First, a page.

The UK National Screening Committee (UK NSC) has published a number of recommendations today (15 January 2015) following its meeting on 19 November 2015.
The independent expert committee made 11 recommendations in total, which included improvements to existing screening programmes for Down’s syndrome and other related conditions, cervical cancer, bowel cancer and eye screening for people with diabetes.
Important conclusions from the meeting include:
Introducing faecal immunochemical testing (FIT)
The committee recommended that the faecal immunochemical Test (FIT) should replace the current first test used in the NHS Bowel Cancer Screening Programme. Replacing the current Faecal Occult Blood (FOB) test with FIT provides the opportunity to detect and prevent more cancers and is easier to use.
Introducing non-invasive prenatal testing (NIPT)
The committee recommended that non-invasive prenatal testing (NIPT) be introduced as an additional test into the NHS Fetal Anomaly Screening Programme (FASP) as part of an evaluation. Ongoing monitoring and evaluation will mean that the test is rolled out across England in such a way that the screening programme can be altered if necessary in light of any real life findings. FASP offers screening to women in pregnancy to find out how likely it is that their baby has Down’s syndrome, Edwards’ syndrome, or Patau’s syndrome. The new test is more accurate, meaning that fewer women will need unnecessary diagnostic tests, which can potentially mean a small risk of losing their baby.
Introducing HPV primary screening
Currently the NHS Cervical Screening Programme uses cytology testing to look for abnormal cells that could be the first sign of cancer. Human papillomavirus (HPV) testing is used as a secondary measure in women needing further investigation. Evidence suggests that screening for HPV first will be a more effective way to let women know whether they are at risk of developing cervical cancer.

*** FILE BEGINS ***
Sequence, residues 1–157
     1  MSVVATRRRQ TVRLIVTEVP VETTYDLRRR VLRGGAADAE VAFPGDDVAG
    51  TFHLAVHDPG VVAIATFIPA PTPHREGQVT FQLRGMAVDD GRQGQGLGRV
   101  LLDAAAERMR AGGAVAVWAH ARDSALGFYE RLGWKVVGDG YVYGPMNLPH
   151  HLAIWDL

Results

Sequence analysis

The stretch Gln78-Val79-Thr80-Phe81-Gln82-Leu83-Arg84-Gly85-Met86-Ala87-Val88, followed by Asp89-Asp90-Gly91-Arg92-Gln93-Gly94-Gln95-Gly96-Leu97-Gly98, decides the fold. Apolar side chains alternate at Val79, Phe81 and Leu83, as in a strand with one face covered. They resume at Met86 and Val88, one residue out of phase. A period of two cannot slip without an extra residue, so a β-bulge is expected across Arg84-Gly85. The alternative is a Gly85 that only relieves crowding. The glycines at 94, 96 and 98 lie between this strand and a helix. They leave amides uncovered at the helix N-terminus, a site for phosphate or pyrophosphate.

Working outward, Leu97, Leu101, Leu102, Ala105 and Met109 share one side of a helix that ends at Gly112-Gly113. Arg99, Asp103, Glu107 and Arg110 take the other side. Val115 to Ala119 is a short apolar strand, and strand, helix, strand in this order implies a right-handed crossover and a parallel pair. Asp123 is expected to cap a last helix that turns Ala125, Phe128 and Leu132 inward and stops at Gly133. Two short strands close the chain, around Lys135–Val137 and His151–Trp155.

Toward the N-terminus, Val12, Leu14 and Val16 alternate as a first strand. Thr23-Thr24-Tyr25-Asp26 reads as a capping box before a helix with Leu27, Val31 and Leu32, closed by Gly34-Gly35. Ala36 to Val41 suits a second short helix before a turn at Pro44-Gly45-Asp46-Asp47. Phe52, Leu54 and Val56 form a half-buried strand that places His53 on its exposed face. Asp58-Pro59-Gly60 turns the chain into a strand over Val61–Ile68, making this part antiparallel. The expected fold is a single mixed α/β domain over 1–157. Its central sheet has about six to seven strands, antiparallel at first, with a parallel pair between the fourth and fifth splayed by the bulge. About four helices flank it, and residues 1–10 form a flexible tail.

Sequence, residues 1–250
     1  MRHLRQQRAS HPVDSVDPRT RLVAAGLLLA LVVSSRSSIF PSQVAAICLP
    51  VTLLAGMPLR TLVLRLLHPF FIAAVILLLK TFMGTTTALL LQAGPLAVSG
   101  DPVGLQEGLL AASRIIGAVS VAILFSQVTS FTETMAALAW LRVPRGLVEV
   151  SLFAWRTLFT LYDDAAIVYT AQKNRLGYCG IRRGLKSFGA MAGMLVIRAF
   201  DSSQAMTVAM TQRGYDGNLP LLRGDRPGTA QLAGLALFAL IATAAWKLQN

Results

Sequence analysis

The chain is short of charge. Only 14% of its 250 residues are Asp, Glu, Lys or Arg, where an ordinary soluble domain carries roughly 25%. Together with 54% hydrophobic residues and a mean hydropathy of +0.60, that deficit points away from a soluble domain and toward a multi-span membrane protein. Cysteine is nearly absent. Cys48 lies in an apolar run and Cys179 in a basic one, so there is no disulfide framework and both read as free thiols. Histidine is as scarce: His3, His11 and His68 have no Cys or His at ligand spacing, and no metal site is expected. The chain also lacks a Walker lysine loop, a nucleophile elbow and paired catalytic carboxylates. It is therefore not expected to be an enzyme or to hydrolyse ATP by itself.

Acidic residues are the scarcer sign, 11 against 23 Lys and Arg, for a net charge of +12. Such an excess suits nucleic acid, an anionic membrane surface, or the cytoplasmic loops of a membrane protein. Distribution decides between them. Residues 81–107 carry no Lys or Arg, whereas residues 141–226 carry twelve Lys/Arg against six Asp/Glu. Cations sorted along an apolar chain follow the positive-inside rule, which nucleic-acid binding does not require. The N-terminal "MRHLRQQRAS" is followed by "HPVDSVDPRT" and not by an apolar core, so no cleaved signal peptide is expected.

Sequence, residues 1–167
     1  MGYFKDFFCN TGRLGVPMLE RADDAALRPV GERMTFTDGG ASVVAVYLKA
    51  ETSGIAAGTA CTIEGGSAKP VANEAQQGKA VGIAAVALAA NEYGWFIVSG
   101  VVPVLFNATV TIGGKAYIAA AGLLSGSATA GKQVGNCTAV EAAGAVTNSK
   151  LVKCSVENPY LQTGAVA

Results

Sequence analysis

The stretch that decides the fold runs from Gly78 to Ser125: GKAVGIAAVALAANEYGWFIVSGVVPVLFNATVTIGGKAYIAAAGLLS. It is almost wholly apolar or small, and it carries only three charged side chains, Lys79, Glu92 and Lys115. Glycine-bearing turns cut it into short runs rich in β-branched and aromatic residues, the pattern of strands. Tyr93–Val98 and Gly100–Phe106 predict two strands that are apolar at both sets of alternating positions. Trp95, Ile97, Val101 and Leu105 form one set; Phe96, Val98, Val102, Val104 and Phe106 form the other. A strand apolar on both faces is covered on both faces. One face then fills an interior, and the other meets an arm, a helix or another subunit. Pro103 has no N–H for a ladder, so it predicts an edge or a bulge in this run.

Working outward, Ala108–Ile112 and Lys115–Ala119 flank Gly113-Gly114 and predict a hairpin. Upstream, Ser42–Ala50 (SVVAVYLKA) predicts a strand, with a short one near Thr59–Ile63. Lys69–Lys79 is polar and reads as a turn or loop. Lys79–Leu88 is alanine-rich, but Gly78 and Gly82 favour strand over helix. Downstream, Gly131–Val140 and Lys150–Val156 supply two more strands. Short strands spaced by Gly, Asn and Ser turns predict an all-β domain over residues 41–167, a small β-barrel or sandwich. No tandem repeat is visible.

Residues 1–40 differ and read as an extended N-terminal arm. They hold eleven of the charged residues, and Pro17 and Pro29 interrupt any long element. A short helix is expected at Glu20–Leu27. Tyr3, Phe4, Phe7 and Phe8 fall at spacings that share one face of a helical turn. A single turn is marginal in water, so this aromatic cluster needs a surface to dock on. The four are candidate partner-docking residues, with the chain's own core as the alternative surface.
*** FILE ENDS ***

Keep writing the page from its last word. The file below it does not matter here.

Changing the frequency of diabetic eye screening appointments
The committee recommended that people with diabetes, at low risk of sight loss, only need to attend eye screening tests every 2 years rather than annually, after evidence showed it was safe to do so. The screening interval for people with a high risk of sight loss should remain yearly as now.
Dr Anne Mackie, Director of Programmes for the UK NSC, said:
The latest recommendations which propose changes to existing screening programmes would bring about considerable improvements. We hope that once implemented, these changes would help identify more people who would benefit from early treatment and in some cases, save lives every year.
All recommendations made by the committee are based on internationally recognised criteria and a rigorous evidence review and consultation process.
At the same meeting, after careful consideration of the evidence, the UK NSC did not recommend introducing screening programmes for the following conditions:
• congenital adrenal hyperplasia (CAH) in newborns
• hearing loss in older adults
• mucopolysaccharidosis type I (MPS I)
• neuroblastoma in children
• oral cancer
• prostate cancer
The UK NSC will review all these recommendations again in 3 years as part of its regular evidence review process or earlier if significant new evidence becomes available.